Platform pedals, or better known as flat pedals, are the typical pedal found on a standard bicycle. Flat pedals can come in many different versions; featuring different materials, designs, and intended uses. The platform pedal provides exactly that, a stable platform that can comfortable support your feet. Platform pedals are double sided and intended to be used with any type of shoe; although certain shoes will work better than others. Riders who enjoy the comfort and security of being able to put their foot down often will enjoy the benefits of a flat pedal. This includes urban commuters dealing with heavy traffic as well as downhill mountain bikers navigating technical terrain at high speeds. Flat pedals can be paired with cycling shoes designed specifically for platform pedals. This type of shoe is often stiffer than average and features a rubber sole designed for maximum grip and pedal friction.
What is Your Riding Style?
Road Riding: The benefits of road cycling with clipless pedals are immense, and the majority of road enthusiasts are running a clipless pedal system. Featuring a 3-bolt cleat design offers the most secure connection between the rider and their pedals. Road cleats are typically larger, plastic, and protrude from the sole of the shoe when compared to a mountain bike 2-bolt cleat. The improved connection point of the 3-bolt system is proven to offer the highers power transfer while reducing fatigue.
The 2-bolt clipless system can be the perfect fit for someone seeking the benefits of riding clipless but also enjoys the ability to walk around comfortably. Mountain bikers benefit from a clipless setup with the increased pedal efficiency and the improved control of their bikes. They experience more power while climbing and sprinting; as well as worry less about their foot slipping off the pedals when it counts.
For the occasional, casual rider a flat pedal is typically the best choice. A 2-bolt cleat system can also work well for anyone looking for a higher quality ride.
Commuting to work, especially over long distances, often demands the benefits of a clipless pedal system. Many commuters either bring shoes in a bag to change into, or opt for flat pedals to wear their work shoes on the ride.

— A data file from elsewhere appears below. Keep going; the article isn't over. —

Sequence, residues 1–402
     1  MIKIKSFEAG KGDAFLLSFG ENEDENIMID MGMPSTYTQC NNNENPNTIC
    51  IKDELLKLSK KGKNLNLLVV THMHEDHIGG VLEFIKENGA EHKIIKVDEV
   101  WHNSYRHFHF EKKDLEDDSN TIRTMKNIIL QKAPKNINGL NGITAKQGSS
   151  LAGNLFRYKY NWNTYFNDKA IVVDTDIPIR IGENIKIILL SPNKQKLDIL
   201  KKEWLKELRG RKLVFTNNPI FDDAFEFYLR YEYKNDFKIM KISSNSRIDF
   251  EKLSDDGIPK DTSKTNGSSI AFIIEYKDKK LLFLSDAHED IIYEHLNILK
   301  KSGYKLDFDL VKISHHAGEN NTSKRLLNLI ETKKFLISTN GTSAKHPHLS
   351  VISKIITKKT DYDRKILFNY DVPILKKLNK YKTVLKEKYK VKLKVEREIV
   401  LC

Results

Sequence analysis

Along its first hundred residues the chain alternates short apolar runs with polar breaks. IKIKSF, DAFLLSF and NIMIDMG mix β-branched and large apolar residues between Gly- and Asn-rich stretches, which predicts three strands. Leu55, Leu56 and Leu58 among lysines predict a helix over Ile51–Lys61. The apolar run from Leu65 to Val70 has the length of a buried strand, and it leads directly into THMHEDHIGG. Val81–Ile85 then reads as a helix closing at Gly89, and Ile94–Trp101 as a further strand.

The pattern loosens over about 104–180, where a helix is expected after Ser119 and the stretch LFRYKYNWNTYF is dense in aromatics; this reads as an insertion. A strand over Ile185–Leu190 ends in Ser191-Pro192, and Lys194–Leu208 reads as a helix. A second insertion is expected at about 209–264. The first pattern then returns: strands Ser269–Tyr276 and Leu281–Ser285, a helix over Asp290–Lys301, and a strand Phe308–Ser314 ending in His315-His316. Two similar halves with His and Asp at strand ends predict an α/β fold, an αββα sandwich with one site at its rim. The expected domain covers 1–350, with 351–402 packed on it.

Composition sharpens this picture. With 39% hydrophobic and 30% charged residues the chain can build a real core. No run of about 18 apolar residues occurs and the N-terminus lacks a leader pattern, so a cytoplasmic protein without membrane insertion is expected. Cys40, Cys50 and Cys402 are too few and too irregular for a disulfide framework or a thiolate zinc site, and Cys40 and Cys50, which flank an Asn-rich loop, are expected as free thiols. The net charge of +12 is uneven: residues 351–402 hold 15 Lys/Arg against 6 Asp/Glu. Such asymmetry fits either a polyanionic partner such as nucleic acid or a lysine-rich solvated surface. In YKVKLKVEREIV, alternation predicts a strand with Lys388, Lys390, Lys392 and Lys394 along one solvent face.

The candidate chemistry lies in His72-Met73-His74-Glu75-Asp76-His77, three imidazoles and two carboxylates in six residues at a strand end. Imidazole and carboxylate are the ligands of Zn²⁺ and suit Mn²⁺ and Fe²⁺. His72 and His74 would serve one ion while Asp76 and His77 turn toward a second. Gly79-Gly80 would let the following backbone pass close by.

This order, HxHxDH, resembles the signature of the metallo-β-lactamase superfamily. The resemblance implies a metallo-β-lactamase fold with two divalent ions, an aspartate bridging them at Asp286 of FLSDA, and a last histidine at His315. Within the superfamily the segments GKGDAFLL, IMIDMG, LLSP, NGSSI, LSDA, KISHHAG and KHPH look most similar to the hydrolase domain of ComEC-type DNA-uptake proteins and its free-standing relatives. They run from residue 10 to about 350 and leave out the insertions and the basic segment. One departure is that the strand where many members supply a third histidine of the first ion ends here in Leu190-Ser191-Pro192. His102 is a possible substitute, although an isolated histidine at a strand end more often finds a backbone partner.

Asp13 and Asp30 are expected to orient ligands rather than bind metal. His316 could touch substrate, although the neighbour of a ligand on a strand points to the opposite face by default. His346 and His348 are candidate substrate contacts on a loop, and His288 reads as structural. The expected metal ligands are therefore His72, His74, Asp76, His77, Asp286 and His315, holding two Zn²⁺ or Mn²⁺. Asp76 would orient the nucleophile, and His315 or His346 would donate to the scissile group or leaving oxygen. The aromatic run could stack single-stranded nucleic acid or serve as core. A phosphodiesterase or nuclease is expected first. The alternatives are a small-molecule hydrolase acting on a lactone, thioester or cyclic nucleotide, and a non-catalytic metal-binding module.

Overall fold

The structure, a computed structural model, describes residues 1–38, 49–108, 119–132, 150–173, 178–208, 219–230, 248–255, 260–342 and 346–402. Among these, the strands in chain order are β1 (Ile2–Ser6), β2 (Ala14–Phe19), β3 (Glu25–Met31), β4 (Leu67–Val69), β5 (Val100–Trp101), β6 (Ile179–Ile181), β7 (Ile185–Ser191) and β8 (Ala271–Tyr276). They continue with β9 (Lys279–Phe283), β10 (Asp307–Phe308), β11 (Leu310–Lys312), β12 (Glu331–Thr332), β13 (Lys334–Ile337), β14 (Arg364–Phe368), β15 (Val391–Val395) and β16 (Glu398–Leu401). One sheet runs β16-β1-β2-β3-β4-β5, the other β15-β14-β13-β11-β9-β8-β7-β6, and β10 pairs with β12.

Hybrid Clipless Pedals
Clipless bike pedals exist that feature a flat pedal on one side, and a clipless pedal on the reverse side. This allows riders the option to wear either a causal shoe or a cycling shoe, and use the same pedals on the bike. This type of pedal is common with urban commuters and mountain bikers.
How to Use Clipless Pedals
A huge barrier to switching over to clipless pedals is the fear of falling over due to not unclipping from your pedal. This often happens to riders that are first adjusting to the clipless system and have to stop abruptly, or come to a stop and forget they are clipped in. Once you get the motions of clipping in and out down, the action comes second nature. It's best to practice at first, somewhere safe such as a grass field. Once you're used to entering and exiting the pedal system hit the roadways!
- While applying the brakes insert your cleat into the first pedal.
- Apply front force to the pedal, release the brake, and roll forward.
- Once motion and balance are achieved, clip into the second pedal.
*Clipping in is generally easier when rolling slightly downhill or on flat.
- Choose a stopping point; as you approach the stopping point prepare to rotate your heel outward as you are coming to a stop. Unclip from the pedal by rotating your heel outward before you come to a stop.
- When twisting your heel outward you will hear the "click" or "pop" of the cleat releasing. At that point you know your foot is free and you can make contact with the ground when ready.
Pedals take some wear and tear from the entry/exit, as well as collect dirt, grit, and grime. If your pedals start to engage and disengage less smoothly as they once did it's time to service your pedals.
- Inspect pedal for proper function. Note and damage.
- Clean pedal with warm water to remove dirt and debris.
- Air dry pedal then apply lube lightly to the clips on both sides of the pedals.
- If this does not solve pedal performance seek advice from your local bike mechanic.